Just as veterans with identical knee injuries should receive the same rating whether they are evaluated in Newark, NJ or Oakland, CA active duty service members with identical injuries should be evaluated equally regardless of whether they serve in the Air Force, Coast Guard, Navy, Army or Marine Corps. Furthermore, it is only common sense that ratings on both sides of the green line dividing active duty and veteran status should be consistent. Sadly, this is not the current state of affairs.
The American Legion would like to thank VA for the progress being made towards better inclusion of service organizations and concerned stakeholders in the revision process. This very week I am attending a review of proposed changes to the VA Schedule for Rating Disabilities (VASRD) and we have had regular meetings and briefings from VA as a part of this process. This is important. Any change to the rating schedule will require thought and analysis, and a proper period of informed consideration of changes cannot be underestimated. We hope this continues throughout the process, and that there is deep consideration of the input from organizations such as The American Legion and others. Our service officers are right there with VA’s adjudicators in the front line trenches. The input from these sources is incalculable and deserves heavy consideration and recognition of its value. Furthermore, The American Legion encourages field testing of any changes before any final decisions are made. Often unintended consequences are not immediately apparent when a regulation is rolled out, and the old military advice that no plan survives first contact is an important guiding principle.
The rating system as a whole is indeed full of challenges. The mental health section is desperately in need of revision, and VA is in the process of addressing this. In American Legion Regional Office visits, this section is consistently mentioned by VA employees as the most difficult to interpret. Care should be exercised however. In the past, the diagnostic schedule for Traumatic Brain Injury was justly recognized as being inadequate to address the impact of the sometimes terrible injury. However, the system ultimately rolled out, while medically addressing all the proper information, was unwieldy and even incomprehensible to many who are required to use the new schedule on a daily basis.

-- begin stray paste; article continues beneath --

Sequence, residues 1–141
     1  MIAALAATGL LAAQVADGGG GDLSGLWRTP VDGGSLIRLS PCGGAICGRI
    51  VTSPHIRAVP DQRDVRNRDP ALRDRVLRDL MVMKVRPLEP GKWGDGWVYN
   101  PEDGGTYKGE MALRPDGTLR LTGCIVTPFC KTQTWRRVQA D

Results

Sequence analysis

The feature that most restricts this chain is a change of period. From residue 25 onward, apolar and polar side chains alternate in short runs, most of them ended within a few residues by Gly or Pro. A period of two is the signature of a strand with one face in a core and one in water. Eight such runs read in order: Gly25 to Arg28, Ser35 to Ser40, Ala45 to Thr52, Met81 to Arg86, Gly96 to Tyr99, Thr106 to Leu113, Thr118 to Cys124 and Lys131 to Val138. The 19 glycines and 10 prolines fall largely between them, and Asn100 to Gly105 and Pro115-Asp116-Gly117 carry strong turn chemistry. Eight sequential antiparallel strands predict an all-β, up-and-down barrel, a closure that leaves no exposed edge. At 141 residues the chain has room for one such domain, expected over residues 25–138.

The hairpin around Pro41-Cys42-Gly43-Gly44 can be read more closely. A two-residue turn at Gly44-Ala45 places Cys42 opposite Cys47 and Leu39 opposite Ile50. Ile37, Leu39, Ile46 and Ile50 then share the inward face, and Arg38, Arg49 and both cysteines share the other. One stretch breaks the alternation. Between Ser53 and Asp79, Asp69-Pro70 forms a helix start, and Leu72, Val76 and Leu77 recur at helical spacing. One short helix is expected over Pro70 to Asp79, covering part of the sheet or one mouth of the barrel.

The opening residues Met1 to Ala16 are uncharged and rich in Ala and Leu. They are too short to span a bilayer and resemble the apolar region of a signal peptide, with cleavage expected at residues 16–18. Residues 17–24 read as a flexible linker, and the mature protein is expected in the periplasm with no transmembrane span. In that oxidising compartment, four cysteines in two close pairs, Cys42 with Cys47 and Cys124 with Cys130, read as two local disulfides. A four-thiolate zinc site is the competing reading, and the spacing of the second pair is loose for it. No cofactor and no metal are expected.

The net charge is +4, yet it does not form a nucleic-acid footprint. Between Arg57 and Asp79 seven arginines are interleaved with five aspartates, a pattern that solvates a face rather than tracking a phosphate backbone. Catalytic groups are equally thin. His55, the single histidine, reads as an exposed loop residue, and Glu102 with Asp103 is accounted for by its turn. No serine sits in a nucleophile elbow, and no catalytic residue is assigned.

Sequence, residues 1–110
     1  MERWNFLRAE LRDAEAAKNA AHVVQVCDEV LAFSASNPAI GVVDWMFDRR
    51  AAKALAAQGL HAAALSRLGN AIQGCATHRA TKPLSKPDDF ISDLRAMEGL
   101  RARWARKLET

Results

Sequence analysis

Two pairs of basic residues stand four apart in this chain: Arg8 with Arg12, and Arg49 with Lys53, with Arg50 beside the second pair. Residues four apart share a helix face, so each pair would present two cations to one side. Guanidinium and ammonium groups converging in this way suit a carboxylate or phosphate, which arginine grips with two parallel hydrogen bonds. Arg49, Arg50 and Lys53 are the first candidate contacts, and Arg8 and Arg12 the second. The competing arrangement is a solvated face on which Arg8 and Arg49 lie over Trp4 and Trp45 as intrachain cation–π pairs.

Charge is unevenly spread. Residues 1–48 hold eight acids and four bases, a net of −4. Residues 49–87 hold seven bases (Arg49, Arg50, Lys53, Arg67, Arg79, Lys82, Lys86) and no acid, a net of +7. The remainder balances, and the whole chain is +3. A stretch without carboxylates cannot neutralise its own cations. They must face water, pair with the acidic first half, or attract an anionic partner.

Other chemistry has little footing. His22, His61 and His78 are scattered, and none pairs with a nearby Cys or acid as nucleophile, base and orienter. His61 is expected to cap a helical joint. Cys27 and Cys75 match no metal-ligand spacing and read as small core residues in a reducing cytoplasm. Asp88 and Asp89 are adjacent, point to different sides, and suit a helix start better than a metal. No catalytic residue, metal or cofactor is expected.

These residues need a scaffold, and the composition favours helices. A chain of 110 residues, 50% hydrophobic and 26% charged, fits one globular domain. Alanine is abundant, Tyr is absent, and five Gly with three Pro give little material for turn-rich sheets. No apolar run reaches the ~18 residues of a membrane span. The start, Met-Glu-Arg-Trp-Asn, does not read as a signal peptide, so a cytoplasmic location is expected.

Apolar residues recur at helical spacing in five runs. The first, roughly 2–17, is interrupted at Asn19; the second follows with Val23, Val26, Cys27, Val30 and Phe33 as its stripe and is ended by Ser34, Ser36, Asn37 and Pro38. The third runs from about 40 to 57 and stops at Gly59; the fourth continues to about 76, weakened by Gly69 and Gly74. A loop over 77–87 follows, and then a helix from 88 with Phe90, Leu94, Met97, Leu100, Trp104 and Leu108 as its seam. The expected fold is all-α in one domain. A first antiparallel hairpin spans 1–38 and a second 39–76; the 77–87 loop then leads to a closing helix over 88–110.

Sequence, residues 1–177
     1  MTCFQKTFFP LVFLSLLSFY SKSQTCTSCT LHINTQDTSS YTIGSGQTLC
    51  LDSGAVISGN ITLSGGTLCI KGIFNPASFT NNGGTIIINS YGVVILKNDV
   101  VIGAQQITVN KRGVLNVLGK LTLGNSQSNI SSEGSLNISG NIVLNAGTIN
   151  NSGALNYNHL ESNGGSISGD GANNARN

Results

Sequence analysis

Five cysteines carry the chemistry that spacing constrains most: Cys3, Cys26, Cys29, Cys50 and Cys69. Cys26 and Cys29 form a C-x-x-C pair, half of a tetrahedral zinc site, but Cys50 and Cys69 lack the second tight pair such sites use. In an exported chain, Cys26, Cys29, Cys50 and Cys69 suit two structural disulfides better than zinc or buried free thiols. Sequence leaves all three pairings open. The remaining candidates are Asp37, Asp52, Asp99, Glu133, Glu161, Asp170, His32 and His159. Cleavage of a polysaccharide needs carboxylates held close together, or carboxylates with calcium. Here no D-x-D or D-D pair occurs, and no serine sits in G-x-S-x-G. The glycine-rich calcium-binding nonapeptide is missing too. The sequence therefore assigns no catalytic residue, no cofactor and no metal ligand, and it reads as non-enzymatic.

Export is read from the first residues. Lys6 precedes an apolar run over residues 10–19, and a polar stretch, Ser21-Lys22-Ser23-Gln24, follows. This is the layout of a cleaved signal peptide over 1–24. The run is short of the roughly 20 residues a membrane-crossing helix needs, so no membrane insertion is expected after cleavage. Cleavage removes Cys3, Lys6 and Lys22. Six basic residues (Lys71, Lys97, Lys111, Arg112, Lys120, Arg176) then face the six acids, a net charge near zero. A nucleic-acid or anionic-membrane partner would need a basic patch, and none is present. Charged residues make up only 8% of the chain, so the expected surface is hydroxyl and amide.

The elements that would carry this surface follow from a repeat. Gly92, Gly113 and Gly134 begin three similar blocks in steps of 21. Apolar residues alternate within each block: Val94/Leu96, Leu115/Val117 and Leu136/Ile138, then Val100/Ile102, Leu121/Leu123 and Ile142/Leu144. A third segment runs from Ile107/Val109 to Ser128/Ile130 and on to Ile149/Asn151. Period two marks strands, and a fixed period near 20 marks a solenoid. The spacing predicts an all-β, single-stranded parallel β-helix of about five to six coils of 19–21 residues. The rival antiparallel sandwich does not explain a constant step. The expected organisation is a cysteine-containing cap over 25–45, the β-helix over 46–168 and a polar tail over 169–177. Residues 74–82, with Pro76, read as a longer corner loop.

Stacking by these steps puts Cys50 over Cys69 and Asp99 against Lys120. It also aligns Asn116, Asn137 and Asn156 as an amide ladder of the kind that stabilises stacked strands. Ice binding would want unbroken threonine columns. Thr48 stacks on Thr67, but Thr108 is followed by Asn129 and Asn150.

The American Legion is sympathetic to the line VA must walk in designing the rating schedule. The ratings must be complete enough to adequately address complex injuries, but must be clear enough to be interpreted by non-medical employees during the claims process. It is difficult, but we believe possible, to achieve this with the input of veterans’ law experts and medical professionals as well as those adjudicators and service officers who utilize the system on a daily basis.
This is not a new task. Daniel Cooper, Chairman of the VA Claims Processing Task Force noted the need to “rewrite and organize the C&P Regulations in a logical and coherent manner…” over a decade ago in October of 2001. This is an ongoing task and will require continued input of all interested stakeholders be they from Congress, VA, the service organizations or even the lawyers and medical professionals who also use the system.
If there is one underlying point to remember throughout this process however, it is this: the disability system exists to serve those veterans who have suffered ongoing and often devastating effects in the service of this country. Every act must be considered in light of how well it will serve those veterans.